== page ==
Rugby has become a sport obsessed with size, strength and speed; an unhealthy fixation of athleticism that has seen the game become rife with doping. By the end of the 2018 there were 70 individuals banned by the UK anti-doping agency (UKAD) for consuming performance enhancing substances, 24 of whom were rugby union players.
In spite of lower participation rates, and more infrequent testing than other sports, rugby union has the most banned players out of any sport played in the UK. The second is rugby league. At even the most elite level, not enough is being done to keep rugby clean.
This is the shocking reality. In the 2017/18 season only 16 drug tests took place in the Premiership Rugby season, that is 116 games out of a 132 game season where nobody was drug tested.
One source told The Times, “If you look at the side effects of growth hormones [hair growth, more prominent brow and chin, low body fat, high muscle mass] you’ve basically got many Premiership backrows looking at you.”
Another anonymous figure, said to be a former international coach once involved with England, has spoken to the Mail on Sunday about the “institutionalised drug taking,” that compelled him to leave the sport.
Amongst the few elite level whistle-blowers willing to go on record was Laurent Benezech, a former France and Harlequins front row, who compared rugby to cycling prior to the Festina affair. Benezech has previously queried, “how you create a human being who weighs more than 120kg with no body fat only muscles?”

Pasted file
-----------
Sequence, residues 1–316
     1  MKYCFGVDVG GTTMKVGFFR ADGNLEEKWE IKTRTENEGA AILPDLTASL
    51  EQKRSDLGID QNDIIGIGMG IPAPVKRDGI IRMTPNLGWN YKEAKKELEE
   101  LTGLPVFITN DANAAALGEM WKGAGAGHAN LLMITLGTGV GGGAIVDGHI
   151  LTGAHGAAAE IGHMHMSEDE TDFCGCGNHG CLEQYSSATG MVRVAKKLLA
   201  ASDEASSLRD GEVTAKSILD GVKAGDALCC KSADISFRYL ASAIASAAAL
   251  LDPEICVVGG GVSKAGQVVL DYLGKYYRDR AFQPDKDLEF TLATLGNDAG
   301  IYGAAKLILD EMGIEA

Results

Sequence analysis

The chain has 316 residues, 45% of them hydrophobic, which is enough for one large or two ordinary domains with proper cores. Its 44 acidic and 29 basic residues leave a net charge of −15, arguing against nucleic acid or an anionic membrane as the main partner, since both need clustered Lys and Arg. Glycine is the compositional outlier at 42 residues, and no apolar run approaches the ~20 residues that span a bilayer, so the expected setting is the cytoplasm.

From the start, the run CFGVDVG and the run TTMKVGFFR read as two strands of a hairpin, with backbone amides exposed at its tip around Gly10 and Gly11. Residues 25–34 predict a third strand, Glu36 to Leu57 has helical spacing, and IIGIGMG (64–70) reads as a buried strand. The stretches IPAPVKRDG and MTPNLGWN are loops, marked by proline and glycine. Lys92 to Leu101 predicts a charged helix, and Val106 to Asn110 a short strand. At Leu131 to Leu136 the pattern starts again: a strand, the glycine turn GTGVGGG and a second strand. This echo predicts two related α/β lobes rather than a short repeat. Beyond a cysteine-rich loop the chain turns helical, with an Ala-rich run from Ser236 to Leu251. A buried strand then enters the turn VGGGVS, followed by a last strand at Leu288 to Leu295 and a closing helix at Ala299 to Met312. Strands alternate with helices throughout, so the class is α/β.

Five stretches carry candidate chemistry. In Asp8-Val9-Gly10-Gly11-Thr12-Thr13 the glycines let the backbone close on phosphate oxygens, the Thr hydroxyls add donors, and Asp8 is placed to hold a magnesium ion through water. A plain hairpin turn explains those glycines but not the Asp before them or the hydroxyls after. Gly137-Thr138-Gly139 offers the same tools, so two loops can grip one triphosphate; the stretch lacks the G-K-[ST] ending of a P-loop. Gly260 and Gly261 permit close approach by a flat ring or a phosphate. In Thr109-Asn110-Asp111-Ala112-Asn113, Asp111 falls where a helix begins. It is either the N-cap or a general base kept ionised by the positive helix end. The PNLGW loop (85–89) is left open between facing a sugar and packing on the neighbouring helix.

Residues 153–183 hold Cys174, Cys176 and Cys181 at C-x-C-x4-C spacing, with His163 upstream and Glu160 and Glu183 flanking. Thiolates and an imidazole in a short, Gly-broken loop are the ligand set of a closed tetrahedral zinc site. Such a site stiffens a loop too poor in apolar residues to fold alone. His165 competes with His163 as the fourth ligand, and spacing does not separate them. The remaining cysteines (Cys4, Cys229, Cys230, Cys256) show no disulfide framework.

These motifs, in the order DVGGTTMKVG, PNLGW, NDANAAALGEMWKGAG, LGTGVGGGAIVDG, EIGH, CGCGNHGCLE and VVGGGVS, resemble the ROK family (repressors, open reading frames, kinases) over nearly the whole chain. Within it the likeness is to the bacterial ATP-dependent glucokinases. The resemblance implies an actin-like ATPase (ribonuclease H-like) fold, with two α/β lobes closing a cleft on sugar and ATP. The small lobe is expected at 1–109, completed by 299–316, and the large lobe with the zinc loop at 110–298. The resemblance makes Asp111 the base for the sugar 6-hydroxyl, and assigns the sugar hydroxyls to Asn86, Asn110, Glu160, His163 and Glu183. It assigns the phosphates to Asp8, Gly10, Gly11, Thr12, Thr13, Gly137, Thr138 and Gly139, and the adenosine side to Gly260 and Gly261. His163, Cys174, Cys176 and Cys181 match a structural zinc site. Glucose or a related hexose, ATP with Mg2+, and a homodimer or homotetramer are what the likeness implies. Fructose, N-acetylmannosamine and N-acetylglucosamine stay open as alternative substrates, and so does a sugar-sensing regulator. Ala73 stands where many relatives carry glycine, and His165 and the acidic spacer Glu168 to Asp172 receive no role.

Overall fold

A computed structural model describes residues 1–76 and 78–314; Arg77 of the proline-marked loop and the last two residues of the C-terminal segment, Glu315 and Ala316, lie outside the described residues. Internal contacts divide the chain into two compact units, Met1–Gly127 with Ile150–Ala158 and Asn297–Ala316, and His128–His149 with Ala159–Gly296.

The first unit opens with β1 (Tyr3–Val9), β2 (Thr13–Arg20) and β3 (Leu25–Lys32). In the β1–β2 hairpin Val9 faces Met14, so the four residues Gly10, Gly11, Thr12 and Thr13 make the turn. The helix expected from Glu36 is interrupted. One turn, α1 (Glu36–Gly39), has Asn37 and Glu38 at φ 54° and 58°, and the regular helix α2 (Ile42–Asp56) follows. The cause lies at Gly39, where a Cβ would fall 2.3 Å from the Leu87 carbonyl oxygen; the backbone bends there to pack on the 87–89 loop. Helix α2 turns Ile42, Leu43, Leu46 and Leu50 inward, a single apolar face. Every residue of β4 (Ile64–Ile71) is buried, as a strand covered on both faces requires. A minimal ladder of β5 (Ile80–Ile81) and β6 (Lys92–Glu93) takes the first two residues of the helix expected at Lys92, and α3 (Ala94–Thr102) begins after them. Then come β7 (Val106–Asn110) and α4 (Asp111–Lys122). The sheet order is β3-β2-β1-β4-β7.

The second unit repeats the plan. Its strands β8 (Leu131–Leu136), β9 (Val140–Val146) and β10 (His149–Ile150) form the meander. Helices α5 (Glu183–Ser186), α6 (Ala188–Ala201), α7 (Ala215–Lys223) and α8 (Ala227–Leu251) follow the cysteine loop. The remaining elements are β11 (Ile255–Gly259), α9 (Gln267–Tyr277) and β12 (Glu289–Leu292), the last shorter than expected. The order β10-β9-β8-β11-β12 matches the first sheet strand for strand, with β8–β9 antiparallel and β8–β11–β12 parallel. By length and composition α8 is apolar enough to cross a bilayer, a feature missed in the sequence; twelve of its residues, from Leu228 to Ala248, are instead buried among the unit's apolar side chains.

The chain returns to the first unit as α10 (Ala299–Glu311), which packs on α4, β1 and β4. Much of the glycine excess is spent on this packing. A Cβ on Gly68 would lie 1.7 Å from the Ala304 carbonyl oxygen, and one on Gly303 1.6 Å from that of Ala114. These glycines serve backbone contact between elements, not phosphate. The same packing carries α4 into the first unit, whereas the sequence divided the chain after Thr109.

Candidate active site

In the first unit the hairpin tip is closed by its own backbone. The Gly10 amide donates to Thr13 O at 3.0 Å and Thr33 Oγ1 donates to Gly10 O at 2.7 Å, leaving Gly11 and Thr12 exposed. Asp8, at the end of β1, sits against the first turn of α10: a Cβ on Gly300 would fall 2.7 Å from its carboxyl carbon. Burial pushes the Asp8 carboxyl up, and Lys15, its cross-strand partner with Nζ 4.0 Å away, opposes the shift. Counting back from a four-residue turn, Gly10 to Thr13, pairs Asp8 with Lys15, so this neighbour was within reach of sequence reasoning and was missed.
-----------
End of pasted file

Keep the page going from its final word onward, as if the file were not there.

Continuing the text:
Likewise, former England youth player Daniel Spencer-Tonks has suggested doping is “hugely widespread,” as a result of increasing pressure to be “bigger, faster and stronger.” The case of Tonks, and others like him in the lower echelons of rugby, illustrates that doping stretches down throughout leagues and age groups.
One player from National Two North, Jamie Broadley, says he has seen no evidence of testing at that level, whilst the head of UKAD, Nicole Sapstead told the BBC, “the rise in the number of young people turning to steroids continues to be a worrying trend.”
An RFU and Leeds Beckett University report found that 95% of schoolboys had used some sort of sports supplement (to clarify, this does not mean banned substance), ranging from caffeinated preworkout powders to weight loss pills and protein shakes.
Of course, the link between sports supplements and doping is not direct, but there are parallels that must be recognised. They form part of the same trend towards size and competitive edge through physicality.
Moreover, they can be researched, purchased and delivered through the internet with ease. On online forums such as ‘UK Bodybuilding Community’ anybody can find pages focused on topics such as ‘using steroids for rugby,’ for advice.
Fundamentally, steroid abuse can only be a symptom of a sporting culture geared towards size, aggression and a cutthroat ‘win at all costs’ mentality.
Written by Joe Ronan